What makes a great anime villain?

0
With the ending of the 15-year run of the <em>Naruto</em> manga, I think it&rsquo;s time to look back on the villains that have defined the show, the ones that make it memorable, no matter how much you have seen. Of course, not all antagonists, rivals, deuteragonists, anti-heroes, and so on, are &ldquo;evil,&rdquo; and therefore not villains in the strictest sense of the word.


There&rsquo;s a certain satisfaction of watching the good characters prevail over evil, even if it was never a possibility that they might lose. Villains are the other side of the coin, the element that throws the &ldquo;good&rdquo; into the situations that they have to think their way out of. A well-written villain, with just a glimpse of humanity for you to empathize with can elevate the opposite character into a position of ideological conflict, and that&rsquo;s when a story gets interesting. Of course, characters that are cast as villains can sometimes be a misdirection from the &ldquo;true&rdquo; villain in the story.


I&rsquo;m sure you could rattle off a list of villains that have killed important characters with decisive brutality (Frieza from <em>Dragon Ball Z</em>, for example), but over time, I started to think a little deeper about what villains don&rsquo;t work. It&rsquo;s easy to write a bunch of thieves doing the same thing week-after-week (&ldquo;We&rsquo;re blasting off again!&rdquo;), but that might be the part that is endearing about them.


&nbsp; There are plenty of villains that reach meme-status for their antics. <em>Puella Magi Madoka Magica&rsquo;</em>s Kyubey &mdash; a logical, deceptively cute monster &mdash; preys on the expectations of the genre and uses &ldquo;lying through omission&rdquo; as its method; Light from <em>Death Note</em>, with his dramatic penmanship, morphed from idealistic young man into a misogynist killer. Dio Brando of <em>Jojo&rsquo;s Bizarre Adventures</em> with his shouts of &ldquo;MUDAMUDAMUDA&rdquo; has has a special place in my heart for being the most evil character I can think of &mdash; simply because he&rsquo;s evil because <em>he can</em>, and he&rsquo;s brilliant at it. This makes him a formidable enemy for the Joestar family, as he&rsquo;s the opposite, and yet similar to them.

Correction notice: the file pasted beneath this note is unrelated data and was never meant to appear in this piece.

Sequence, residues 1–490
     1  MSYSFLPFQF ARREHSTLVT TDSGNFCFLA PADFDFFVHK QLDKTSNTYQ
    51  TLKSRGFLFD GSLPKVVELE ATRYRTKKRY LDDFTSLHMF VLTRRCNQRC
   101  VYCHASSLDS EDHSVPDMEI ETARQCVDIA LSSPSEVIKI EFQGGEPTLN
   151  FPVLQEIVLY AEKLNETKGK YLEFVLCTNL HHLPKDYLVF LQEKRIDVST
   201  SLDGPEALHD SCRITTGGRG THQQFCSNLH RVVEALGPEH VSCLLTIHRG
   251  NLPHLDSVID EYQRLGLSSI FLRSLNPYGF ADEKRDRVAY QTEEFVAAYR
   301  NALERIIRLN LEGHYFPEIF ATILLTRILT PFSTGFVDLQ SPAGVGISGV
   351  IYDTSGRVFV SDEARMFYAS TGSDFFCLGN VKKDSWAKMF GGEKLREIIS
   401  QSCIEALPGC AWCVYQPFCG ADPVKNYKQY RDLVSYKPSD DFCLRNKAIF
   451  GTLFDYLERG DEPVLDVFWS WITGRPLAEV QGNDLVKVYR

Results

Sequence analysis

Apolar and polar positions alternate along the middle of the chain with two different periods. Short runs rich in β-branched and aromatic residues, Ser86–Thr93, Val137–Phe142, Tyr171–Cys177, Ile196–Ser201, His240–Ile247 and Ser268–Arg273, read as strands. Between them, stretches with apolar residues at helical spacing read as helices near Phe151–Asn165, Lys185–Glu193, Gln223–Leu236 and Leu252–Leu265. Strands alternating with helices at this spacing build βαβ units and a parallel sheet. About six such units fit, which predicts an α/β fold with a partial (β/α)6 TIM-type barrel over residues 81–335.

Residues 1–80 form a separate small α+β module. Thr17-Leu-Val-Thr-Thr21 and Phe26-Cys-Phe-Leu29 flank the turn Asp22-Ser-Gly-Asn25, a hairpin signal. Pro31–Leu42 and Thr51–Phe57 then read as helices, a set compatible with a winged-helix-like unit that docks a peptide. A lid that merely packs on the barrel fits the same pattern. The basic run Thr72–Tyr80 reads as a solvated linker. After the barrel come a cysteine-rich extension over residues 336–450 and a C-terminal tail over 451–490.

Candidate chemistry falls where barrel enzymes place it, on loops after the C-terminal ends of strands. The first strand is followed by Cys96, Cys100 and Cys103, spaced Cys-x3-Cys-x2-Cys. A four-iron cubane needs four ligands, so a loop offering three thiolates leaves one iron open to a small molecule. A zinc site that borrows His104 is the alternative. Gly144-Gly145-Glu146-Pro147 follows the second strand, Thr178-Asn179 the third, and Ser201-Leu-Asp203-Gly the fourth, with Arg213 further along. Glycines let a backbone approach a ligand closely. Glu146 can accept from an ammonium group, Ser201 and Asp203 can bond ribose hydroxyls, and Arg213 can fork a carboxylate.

Villains might even grow old with you, and you start to see them in a new light. I had watched <em>Princess Mononoke</em> many times growing up, and it endures as my favourite Studio Ghibli film. I hadn&rsquo;t thought too much about Lady Eboshi when I was younger and had simply labelled her as the main &ldquo;villain.&rdquo; I really bought into what I had thought was an idealistically environmental message. However, as I grew older, I started to empathize with Lady Eboshi a lot better as she&rsquo;s a multi-faceted character set in a political and social environment that wasn&rsquo;t friendly towards women. The grey zones in the film are plenty, which adds to the rewatch value.


Empathetic villains with just a hint of humanness are much more complex than ones that are cut-outs for the protagonists to take down. The main character being &ldquo;too overpowered&rdquo; is a classic side effect of floppy vilains. Fighting for fanservice&rsquo;s sake supports nothing in a story. In a way, physical fighting in a story should only come as a reflection of the struggles that came before.


Complex villains are not about dressing the enemy in Nazi-esque outfits and assuming that is enough of a motivation.The <em>Berserk: The Golden Age Arc</em> movies avoids this effectively, and, if you haven&rsquo;t had any experience with the series, you are in for a ride. <em>Berserk</em> is effective in building up Guts, Griffith, and the rest of their mercenary group as characters that have a common dream... and then causes you to break out into sobs of horror by the time you hit the third movie. Perhaps the greatest villains are the ones that believe themselves the main &ldquo;good&rdquo; protagonist of their own story.


There are shows that examine the good/evil dynamic as a trope, most notably in the surprising backstory of <em>Tiger &amp; Bunny</em>&rsquo;s vigilante, Lunatic, or the meta-week-to-week style of <em>Samurai Flamenco</em>. The struggle between &ldquo;good&rdquo; and &ldquo;evil&rdquo; will persist over time in all literature and media, and anime will not be any different. So, you&rsquo;re free to laugh or cringe every time someone reblogs that <em>Fullmetal Alchemist</em> &ldquo;Happy Father&rsquo;s Day&rdquo; post.